Well, this is going to be fun. I admit that I find it odd to seek the death penalty as punishment for those whose most fervent desire is martyrdom through death. Isn't that rather like punishing a bank robber by giving him the keys to the vault? In any case:
Sitting at the front of a line of five detainees accused of carrying out the most devastating terrorist attack in U.S. history, Mohammed stroked his long, bushy gray beard and spoke in confident English of his contempt for the U.S. Constitution and the military commissions designed to try him.Contempt for the Constitution? An "inquisition"? Oh no he di'in't!
Calling the process an "inquisition," Mohammed told Marine Col. Ralph Kohlmann, the presiding judge, that he wants to represent himself at trial and looks forward to the death penalty.
Even acquittal would probably leave the men in U.S. custody indefinitely. The government has determined them to be "enemy combatants" and serious threats to the United States and its allies.Oh. So. Well.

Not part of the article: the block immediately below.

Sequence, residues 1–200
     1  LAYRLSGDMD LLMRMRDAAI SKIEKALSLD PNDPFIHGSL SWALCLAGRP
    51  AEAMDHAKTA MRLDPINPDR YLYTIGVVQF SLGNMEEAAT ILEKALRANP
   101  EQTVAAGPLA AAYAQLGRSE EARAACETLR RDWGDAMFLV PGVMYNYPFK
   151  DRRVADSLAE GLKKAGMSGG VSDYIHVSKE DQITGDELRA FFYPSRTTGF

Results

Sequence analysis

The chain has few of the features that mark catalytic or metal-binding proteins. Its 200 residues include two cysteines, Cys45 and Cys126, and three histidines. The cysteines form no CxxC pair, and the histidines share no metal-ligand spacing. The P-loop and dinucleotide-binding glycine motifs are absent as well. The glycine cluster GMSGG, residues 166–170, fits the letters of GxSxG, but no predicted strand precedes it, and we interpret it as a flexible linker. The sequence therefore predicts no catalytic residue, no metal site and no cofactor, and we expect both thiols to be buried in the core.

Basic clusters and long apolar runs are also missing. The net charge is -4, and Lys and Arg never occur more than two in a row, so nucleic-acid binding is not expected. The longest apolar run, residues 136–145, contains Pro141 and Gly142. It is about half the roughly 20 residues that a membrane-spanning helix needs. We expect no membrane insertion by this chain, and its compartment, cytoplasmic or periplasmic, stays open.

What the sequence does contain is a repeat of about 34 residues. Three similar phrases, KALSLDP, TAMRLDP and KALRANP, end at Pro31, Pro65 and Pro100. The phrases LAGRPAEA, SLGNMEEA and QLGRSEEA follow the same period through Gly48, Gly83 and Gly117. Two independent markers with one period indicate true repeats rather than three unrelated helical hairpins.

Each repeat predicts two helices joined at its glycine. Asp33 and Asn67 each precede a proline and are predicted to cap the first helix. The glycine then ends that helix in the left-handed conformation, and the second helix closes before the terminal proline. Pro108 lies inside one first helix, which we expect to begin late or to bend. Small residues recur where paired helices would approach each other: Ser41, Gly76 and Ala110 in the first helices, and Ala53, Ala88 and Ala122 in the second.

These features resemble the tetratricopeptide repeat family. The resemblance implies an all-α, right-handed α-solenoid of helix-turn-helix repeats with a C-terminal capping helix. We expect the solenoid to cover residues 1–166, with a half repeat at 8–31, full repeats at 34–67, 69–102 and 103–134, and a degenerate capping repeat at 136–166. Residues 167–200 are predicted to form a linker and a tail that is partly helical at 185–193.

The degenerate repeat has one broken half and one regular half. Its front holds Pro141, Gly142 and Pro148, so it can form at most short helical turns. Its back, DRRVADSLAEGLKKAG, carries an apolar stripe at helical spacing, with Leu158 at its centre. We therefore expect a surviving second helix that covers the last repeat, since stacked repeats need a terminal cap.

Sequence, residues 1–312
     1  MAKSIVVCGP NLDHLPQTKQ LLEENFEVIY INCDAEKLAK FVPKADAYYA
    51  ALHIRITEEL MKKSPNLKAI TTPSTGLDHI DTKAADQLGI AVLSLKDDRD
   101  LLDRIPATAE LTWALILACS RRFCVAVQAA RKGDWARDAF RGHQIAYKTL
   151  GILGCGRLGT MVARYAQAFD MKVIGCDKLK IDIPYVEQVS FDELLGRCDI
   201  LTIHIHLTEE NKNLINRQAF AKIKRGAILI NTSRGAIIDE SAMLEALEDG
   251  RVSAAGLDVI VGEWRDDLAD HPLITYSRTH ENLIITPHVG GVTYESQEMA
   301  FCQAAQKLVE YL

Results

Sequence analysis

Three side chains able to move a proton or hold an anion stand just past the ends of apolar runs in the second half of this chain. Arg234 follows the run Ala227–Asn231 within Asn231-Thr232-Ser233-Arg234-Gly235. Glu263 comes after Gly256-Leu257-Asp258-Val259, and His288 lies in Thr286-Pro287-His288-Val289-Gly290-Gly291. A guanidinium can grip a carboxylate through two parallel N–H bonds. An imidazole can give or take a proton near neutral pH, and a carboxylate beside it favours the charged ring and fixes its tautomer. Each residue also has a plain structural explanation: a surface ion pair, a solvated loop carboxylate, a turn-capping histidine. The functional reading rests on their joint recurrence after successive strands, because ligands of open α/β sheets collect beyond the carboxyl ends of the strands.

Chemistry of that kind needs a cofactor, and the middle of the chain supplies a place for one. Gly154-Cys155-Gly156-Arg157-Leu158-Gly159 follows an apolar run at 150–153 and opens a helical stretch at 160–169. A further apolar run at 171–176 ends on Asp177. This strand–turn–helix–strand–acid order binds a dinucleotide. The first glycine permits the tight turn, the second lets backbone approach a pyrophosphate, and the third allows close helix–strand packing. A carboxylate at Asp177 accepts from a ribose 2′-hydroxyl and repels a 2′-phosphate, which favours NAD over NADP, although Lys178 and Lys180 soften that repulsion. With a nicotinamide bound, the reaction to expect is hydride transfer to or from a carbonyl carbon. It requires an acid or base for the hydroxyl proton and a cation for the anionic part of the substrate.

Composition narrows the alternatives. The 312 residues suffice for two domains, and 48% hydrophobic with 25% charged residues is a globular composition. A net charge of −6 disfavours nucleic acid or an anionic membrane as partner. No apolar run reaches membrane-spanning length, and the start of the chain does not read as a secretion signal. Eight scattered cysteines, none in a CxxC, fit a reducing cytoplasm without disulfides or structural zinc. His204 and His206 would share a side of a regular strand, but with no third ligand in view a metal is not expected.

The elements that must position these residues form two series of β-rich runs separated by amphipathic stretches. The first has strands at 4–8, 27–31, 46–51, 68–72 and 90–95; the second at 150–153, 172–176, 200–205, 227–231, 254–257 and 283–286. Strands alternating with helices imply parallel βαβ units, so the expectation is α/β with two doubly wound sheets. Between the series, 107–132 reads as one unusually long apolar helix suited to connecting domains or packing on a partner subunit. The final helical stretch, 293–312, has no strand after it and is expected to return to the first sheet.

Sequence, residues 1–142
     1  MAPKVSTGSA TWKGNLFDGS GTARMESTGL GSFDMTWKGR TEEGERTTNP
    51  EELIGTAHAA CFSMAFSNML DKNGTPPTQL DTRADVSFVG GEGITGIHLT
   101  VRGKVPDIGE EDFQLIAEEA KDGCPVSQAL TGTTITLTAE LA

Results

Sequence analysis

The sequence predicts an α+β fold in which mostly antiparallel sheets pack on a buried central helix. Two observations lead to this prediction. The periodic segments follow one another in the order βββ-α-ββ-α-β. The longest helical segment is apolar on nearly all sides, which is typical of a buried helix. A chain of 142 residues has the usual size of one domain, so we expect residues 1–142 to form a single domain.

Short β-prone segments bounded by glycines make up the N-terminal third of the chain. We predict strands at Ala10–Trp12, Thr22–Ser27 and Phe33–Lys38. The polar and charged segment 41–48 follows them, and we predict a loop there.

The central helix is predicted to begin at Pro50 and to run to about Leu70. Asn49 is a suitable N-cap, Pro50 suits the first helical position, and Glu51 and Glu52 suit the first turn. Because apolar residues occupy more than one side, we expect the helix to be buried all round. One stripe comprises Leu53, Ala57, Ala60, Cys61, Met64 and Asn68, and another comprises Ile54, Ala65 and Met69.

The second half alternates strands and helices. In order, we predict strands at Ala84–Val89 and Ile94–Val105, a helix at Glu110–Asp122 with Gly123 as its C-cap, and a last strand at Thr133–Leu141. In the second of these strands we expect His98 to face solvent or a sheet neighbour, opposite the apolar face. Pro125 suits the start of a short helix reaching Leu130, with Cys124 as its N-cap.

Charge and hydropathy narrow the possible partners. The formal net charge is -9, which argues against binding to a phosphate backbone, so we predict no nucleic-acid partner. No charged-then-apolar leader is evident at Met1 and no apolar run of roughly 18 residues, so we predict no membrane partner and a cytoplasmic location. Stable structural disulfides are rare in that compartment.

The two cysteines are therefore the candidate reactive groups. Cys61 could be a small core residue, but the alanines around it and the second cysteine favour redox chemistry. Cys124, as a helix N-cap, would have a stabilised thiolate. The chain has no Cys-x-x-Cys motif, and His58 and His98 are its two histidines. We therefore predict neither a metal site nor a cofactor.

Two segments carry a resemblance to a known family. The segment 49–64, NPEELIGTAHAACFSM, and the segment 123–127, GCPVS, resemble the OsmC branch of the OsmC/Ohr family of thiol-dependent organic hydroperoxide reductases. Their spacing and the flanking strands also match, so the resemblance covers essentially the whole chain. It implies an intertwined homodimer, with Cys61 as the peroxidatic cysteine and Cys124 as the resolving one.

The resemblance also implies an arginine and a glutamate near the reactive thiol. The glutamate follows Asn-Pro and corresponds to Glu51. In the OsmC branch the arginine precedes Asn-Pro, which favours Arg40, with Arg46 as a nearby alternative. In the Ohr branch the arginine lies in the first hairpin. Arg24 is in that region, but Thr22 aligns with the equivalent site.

Claims that the Anglo-Saxon model of justicial proceduralism is a guarantor of actual justice are overblown, but nevertheless it seems clear that the presumption of innocence, evidentiary rules, impartial (such as it is) review, etc. form at very least a reasonably coherent means of determining guilt and meting out penalties. What's interesting about these tribunal proceedings is that they have not, contra the claims of many opponents, actually done away entirely with this process, but have instead simply skipped a step--hopping over the trial phase and going directly to sentencing.